[zeromq-dev] Proposal for next stable release

Pieter Hintjens ph at imatix.com
Mon Mar 19 02:30:41 CET 2012


On Sun, Mar 18, 2012 at 7:12 PM, john skaller
<skaller at users.sourceforge.net> wrote:

> The purpose of the above is to improve quality control.
> The maintainer no longer simply automatically merges
> in a patch. For a bugfix, the ticket must exist first,

If you read C4 it says that for all changes, a ticket should exist
first. You can (I do) and it's constructive to see *all* change as bug
fixes. For stable releases, a reproducible test case is also required.
There is no reason to put test cases in the source repository; they
can be attached to issues, or placed elsewhere (e.g. 0MQ 'issues'
repo).

> Note that this is Quality Control. It is NOT about whether people
> like or dislike the change, simply an assurance that there is a bug,
> and it is fixed, either by a simple proof by way of actual code,
> or, at least a discussion if that isn't feasible.

For sure. But you're stating this as if C4 doesn't already cover it.
It'd be more useful to work by identifying issues in C4 so we can fix
those, rather than by restating what we already know and have been
applying to 0MQ's stable process for ages.

> Note this applies ONLY to BUGFIXes.

You're missing some key points with this.

* All change can, and IMO should, be presented as bug fixes of one
sort or another. Issue #1 in my new projects is "lack a proof of
concept".

* There is no benefit, and some real costs, to over-formalizing the
process in raw code. You do not need or want to make people publish
reproducible test cases unless you're in a stabilization phase.

> I have serious concerns this approach to change will lead to
> product stagnation. I don't have a problem with fixing bugs,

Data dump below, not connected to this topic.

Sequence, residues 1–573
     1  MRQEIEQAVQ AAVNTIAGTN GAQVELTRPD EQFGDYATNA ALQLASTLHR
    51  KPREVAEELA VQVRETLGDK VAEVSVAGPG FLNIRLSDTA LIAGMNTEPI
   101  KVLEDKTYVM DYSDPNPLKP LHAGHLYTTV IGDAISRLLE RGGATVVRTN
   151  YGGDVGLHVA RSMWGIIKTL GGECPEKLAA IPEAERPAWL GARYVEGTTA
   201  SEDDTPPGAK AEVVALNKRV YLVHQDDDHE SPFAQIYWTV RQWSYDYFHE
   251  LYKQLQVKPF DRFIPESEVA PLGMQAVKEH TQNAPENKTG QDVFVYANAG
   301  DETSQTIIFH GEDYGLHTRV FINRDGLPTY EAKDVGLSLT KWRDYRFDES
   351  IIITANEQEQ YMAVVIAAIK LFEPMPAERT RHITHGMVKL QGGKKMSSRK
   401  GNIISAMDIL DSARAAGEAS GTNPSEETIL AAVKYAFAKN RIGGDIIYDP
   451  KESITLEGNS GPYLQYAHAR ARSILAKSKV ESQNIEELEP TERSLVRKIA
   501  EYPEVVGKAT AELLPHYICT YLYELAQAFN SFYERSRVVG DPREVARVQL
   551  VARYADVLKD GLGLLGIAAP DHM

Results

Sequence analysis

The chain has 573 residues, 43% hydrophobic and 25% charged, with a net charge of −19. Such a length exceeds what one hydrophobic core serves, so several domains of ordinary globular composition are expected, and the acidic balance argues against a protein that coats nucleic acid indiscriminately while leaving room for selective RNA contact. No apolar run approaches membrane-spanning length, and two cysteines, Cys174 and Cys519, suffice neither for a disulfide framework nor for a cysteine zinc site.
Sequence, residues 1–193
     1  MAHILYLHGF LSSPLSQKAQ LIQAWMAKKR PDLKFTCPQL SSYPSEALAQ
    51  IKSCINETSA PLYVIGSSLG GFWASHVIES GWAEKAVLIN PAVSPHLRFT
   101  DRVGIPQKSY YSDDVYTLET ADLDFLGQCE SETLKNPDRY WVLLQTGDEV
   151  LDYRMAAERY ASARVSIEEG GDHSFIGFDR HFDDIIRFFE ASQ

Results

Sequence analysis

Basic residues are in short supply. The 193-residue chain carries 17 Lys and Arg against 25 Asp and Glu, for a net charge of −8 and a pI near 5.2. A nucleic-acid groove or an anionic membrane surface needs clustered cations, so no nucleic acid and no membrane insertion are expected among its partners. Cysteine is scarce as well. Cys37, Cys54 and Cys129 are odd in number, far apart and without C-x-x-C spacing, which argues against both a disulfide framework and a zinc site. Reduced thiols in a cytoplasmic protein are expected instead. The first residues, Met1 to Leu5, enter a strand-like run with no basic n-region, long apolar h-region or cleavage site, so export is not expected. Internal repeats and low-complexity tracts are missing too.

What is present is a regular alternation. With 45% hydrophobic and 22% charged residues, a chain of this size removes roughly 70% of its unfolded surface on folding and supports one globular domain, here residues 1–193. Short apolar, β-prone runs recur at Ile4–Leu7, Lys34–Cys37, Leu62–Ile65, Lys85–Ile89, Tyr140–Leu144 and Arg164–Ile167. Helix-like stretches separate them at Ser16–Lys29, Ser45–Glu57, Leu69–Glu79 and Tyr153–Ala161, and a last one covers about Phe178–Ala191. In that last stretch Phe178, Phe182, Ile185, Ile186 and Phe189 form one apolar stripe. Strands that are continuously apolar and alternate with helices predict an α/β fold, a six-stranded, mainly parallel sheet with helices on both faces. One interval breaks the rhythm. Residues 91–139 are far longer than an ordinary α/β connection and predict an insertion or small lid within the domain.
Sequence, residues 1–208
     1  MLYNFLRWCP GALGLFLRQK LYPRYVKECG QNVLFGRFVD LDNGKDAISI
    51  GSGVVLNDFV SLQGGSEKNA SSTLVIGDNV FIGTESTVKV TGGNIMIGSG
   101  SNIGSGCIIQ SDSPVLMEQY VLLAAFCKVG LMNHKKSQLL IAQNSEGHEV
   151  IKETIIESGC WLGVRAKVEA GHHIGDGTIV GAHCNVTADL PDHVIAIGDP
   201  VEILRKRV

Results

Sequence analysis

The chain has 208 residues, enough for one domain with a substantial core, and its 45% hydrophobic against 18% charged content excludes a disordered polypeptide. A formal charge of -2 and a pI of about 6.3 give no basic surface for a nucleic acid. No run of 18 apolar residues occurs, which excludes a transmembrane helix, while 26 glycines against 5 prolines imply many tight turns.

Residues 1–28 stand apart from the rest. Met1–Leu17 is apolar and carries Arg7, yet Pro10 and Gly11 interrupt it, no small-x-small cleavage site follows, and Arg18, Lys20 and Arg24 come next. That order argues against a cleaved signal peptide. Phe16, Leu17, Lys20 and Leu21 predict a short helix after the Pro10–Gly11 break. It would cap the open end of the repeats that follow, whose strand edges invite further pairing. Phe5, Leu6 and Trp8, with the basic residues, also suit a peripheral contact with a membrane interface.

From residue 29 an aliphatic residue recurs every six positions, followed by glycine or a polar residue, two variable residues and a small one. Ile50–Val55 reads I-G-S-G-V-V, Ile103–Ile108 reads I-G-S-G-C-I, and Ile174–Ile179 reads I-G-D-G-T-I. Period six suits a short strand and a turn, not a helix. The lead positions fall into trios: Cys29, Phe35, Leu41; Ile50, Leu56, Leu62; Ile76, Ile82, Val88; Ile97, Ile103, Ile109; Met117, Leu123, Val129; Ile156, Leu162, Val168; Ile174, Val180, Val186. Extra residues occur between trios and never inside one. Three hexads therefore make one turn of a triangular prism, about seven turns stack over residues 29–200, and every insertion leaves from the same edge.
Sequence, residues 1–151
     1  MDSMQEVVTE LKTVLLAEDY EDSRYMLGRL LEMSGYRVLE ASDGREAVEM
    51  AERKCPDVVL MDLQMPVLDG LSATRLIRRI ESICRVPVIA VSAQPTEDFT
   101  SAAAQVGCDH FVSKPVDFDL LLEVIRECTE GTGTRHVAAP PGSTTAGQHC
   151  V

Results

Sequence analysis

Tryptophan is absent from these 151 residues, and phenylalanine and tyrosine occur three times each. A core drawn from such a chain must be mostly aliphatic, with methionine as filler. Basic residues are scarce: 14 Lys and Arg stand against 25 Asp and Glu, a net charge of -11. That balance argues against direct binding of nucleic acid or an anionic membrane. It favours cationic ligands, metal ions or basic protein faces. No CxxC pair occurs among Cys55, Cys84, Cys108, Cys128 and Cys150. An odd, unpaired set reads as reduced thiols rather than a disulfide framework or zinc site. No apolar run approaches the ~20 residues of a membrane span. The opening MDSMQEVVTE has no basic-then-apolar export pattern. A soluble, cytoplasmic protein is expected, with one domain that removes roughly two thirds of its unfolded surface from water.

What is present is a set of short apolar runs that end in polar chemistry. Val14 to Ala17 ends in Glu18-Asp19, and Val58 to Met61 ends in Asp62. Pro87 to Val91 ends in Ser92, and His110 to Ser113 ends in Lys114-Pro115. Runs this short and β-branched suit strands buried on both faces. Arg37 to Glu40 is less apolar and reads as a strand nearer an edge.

> but a lot of important kinds of change are left out of the process.

?

> Advances are left out.
> Refactoring is left out.
> Simplifications are left out.

They can all clearly be framed as fixes to identified problems.

"Lack of feature X means we have to take workaround Y, which is costly"
"Internal complexity means we have to do A, B, C, which is costly"
"External complexity means learning curve is too high, which is costly"

Once you realize that all change can be profitably problem-driven you
can stop making the artificial distinction between "bugs" and
"features", and interestingly, you can ensure your code only comprises
real solutions to real problems, instead of inaccurate solutions to
assumed problems.

> None of those kinds of change are bugfixes and none are
> simply "patches to fix an identified problem".

I'll ask you to read this: http://unprotocols.org/blog:19

This is a common argument I have with engineers who are used to COD,
until they try SOD and realize that it works much better. The fact
that most people make solutions without proper agreement as to the
problems is sad but doesn't require us to follow suit.

If you can identify a single valid change to 0MQ over the last years
that was *not* a solution to a real problem, I'll change my mind.

Conversely I can list dozens of bad changes (as in, people did not
like them and eventually removed them) that were caused by not getting
consensus on the problem up front.

-Pieter



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